She also has an ally close to home, which, once again, is Virginia. “One of my mentors here at home is Dr. Fletcher Collins, who collected folksongs for the Library of Congress in the late ‘30s. He supplied me with lots of material.” Collins recorded “Charlie’s Sweet” in 1939, from the singing of Mrs. J.U. Newman in North Carolina; LaRue wrote of the song that it’s “a frisky play-party song and dance, a substitute for square dancing in the bad old days when dancing was banned but games were allowed. My great-grandmother, who disapproved of too much frivolity, would have chased Charlie and the other playboys out of her house.”
“People respond most warmly when I sing ballads,” LaRue writes in the notes to The Daemon Lover. “Maybe this is because we all love to hear the old stories told and retold, and this song process somehow brings us closer to the shared truths and universal feelings underlying our common human experience.” She chose ‘The Fox Went Out on a Chilly Night’ both for the magical image of the elusive beast and for the sense of triumph in the songs. “Geordie” and “Edward” both come from the Child collection; the former tells of the rescue of George Gordon by his wife, while the latter is a tragedy slowly, artfully revealed in dialogue.
“In a Garden So Green” and “My Heartly Service” are drawn from the encyclopedic Music of Scotland 1500-1700, both very old songs whose original credits have been lost to the centuries. “My Heartly Service” is a ceremonial number performed to mark the beginning of the plowing year, and includes the names of oxen, of herdsmen, and of parts of a plow.
“I like ‘Soldier Boy for Me’ a lot because in it the girl rejects as suitors all the professional men with community respect and money, and declares that only a soldier boy will fit her description of marriage-fodder. If you only substitute ‘poor musician’ for ‘soldier boy’ in this song, you’d have a piece that many females of my generation at the Peabody Conservatory could have sung.”
In 1932, Cecil J. Sharp’s collection of English Folk Songs from the Southern Appalachians was published. The music for both “The Rebel Soldier” and “The True Lover’s Farewell,” drawn from that book, were recorded by Sharp in Virginia in 1918.
During her first performances with the Baltimore Consort, LaRue recalls that she sang songs by Thomas Ravenscroft, and chose “Yonder Comes a Courteous Knight” for this collection. It was set by Ravenscroft and published in 1609, but it’s a still older tale, appearing in several versions in the Child collection, where it’s known as “The Baffled Knight.”
“The Broom of Cowdenknows” is from a late 18th-century collection of Scottish songs, but it’s set to a dance tune–“The Bonny Bonny Broom”–that was published more than a century earlier. It’s the lament of a lady for her shepherd love, wonderfully bittersweet.
“Jenny, My Blithest Maid” is a love-cum-seduction song from early 18th-century England, drawn from the multi-volume Wit and Mirth; Or, Pills to Purge Melancholy.
In the album La Rocque ’n’ Roll, LaRue and the Consort collected songs from Renaissance France, with a nod to the similarities between pop groups of today and the Consort, both in terms of instrumentation and repertory. “J’ai vû le loup” (“I saw the wolf”) is a gorgeous old lyric set to an unharmonized melody–a version of the Dies Irae--that the Consort fleshed out. “Has tu point veu” is a bawdy old look at the cuckold–and the woman who encourages such behavior. “Mignonne, allons voir si la rose” was penned by Pierre Ronsard, but borrows its melody from Renaissance tradition.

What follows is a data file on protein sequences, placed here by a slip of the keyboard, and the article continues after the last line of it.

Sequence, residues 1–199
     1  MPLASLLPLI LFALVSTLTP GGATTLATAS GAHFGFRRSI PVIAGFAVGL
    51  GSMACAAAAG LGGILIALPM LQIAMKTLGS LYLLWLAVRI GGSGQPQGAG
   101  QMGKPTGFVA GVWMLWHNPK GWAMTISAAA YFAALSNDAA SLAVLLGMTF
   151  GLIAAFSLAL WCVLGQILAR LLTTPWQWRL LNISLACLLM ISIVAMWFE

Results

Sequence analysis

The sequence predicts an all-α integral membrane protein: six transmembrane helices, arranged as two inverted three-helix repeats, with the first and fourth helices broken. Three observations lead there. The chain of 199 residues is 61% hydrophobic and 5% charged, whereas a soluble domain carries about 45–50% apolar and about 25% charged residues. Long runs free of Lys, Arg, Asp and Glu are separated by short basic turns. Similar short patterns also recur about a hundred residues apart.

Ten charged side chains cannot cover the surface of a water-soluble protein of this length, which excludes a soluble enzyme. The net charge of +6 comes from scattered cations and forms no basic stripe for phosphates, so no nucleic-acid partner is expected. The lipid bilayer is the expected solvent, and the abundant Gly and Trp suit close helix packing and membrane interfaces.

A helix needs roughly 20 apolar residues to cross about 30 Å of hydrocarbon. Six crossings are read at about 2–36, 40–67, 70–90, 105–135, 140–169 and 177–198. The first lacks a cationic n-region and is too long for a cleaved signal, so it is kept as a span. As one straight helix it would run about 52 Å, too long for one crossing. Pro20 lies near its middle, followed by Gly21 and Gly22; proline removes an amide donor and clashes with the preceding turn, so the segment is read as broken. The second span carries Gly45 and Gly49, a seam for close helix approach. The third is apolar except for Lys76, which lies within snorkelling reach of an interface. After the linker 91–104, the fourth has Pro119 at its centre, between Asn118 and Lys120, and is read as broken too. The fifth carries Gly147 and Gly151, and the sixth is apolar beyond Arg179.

“Gloomy Winter’s Now Awa’” is a picturesque love song with the gentle lilt of a lullaby, which won it a place on Lullaby Journey, which LaRue recorded with Baltimore Consort flutist Chris Norman and harpist Kim Robertson. Robert Tannahill’s verse is set to an 18th-century tune by Alexander Campbell.
For the present recording, LaRue went back to the first ballad she ever learned. “I tried a few times to record ‘Barbara Allen’ before this, but somehow it always seemed jinxed. This time it worked. I think there are about 70 different versions of the song that have been collected, with variations on both the words and the melody. I use the tune my great-grandmother sang, but to get the definitive text, I drew from several sources to put together one that’s a little literary but countrified enough to sound authentic.”
She also selected (two? four?) songs she recalled from girlhood. “Everyone sings snippets of these French songs, but I couldn’t remember them in their entirety. Then I found a little volume of the pieces that were collected in Louisiana. They’re settings of nursery rhymes, very rhythmic, lovely little songs.”
Finding such songs and giving life to them is a pursuit LaRue never plans to abandon. “I know less than one-hundredth of one percent of the magic of what it’s all about, but whenever I do my work in this, I get wonderful benefits. That’s one of the benefits from having my curiosity.”
Custer LaRue: Ballads (Dorian DOR-90014)
– 25 November 1998